The Nobel Prize Committee has officially announced its recipients for the Nobel Prizes in Chemistry, Physics and Medicine or Physiology.
The Nobel Prizes were established by Swedish inventor Alfred Nobel in 1895, and are recognised as one of the highest accolades in science, literature and peace.
This year, two of the prizes have been split between different recipients, with one recipient for the Nobel Prize in Medicine or Physiology.
Nobel Prize in Physics
The joint recipients of the Nobel Prize in Physics for 2016 are the team of David J, Thouless, F. Duncan M. Haldane and J. Michael Kosterlitz, who were awarded the prize for “theoretical discoveries of topological phase transitions and topological phases of matter.”
Their discoveries reveal a possibility where matter can take on different states. Using advanced mathematics, the trio examined weird states of matter such as superfluids, which due to lack of friction means its particles can act as one super particle.
Their work included examples of strange behaviours such as superfluid vortexes that can continue to spin indefinitely without slowing down.
Nobel Prize in Medicine or Physiology
Japan-born scientist Yoshinori Ohsumi is the recipient of the Nobel in Medicine or Physiology, with his illustration of the cellular process autophagy in yeast cells, where cells essentially eat themselves by taking uneeded or damaged material and transport them to a recycling compartment.
Ohsumi discovered how to observe the inner workings of yeast cells and reveal autophagy, and has even gone so ar to identify the genes involved in yeat autophagy. His discoveries have played much importance in understanding how cells recycle their contents, which has helped further understanding surrounding several physiological processes and even to understanding diseases such as cancer.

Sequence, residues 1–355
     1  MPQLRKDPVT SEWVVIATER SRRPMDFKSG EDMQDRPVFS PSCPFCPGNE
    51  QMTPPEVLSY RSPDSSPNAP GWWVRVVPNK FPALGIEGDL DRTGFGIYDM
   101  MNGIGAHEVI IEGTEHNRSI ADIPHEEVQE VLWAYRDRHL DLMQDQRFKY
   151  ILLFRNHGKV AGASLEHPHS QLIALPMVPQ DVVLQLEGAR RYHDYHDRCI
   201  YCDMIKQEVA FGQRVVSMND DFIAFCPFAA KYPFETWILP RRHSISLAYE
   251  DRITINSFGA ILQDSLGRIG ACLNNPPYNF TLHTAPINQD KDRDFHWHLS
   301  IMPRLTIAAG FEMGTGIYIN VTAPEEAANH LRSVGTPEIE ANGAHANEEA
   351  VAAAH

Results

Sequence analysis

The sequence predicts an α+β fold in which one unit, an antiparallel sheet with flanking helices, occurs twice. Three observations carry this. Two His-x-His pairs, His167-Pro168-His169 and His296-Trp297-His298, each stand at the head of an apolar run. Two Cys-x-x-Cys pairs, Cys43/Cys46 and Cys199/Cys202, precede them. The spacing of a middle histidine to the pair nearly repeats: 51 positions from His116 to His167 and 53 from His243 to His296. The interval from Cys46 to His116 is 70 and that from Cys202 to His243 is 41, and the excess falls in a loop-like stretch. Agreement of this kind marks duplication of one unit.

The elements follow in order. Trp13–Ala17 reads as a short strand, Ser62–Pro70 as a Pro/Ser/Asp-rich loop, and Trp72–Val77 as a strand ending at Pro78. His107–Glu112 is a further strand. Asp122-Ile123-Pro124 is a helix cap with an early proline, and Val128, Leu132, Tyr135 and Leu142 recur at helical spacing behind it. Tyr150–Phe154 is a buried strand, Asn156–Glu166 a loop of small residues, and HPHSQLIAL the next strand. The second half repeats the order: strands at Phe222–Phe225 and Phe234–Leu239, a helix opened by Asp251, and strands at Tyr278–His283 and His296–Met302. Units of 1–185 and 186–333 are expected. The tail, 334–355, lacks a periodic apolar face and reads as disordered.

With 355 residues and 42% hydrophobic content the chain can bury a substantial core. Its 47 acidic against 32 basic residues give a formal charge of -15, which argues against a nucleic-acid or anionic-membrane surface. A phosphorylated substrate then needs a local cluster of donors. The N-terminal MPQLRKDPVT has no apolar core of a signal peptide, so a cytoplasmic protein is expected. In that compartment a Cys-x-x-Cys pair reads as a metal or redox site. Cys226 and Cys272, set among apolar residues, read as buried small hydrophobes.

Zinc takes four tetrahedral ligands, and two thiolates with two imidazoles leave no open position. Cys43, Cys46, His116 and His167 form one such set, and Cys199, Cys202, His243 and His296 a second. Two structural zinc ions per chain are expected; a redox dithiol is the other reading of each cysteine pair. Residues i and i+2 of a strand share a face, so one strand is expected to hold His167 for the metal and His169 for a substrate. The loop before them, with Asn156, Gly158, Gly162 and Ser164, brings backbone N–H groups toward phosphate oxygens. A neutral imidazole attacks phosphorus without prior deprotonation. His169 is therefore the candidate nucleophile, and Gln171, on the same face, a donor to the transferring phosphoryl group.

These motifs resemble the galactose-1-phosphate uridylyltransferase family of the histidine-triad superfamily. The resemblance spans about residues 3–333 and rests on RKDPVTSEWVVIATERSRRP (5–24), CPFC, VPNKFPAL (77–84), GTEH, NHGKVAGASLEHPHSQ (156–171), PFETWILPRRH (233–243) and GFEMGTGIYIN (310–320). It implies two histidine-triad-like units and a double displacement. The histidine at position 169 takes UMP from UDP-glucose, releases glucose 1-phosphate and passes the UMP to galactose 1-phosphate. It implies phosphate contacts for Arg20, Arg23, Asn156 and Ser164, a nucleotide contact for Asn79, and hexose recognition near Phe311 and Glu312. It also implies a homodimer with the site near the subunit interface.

Nobel Prize in Chemistry
Jean-Pierre Sauvage, Sir J. Fraser Stoddart and Bernard L. Feringa were jointly awarded the Nobel in Chemistry. Their work, investigating the design and synthesis of molecular machines, allowed the trio to develop the worlds smallest machines, thinner than a strand of hair, which are capable of working as lifts, mini motors and artificial muscles.
Their discoveries are likely to be used in the development of new materials, sensors and energy storage systems, and are a result of the ability of the trio to develop these machines by linking molecules into a unit where energy can be added.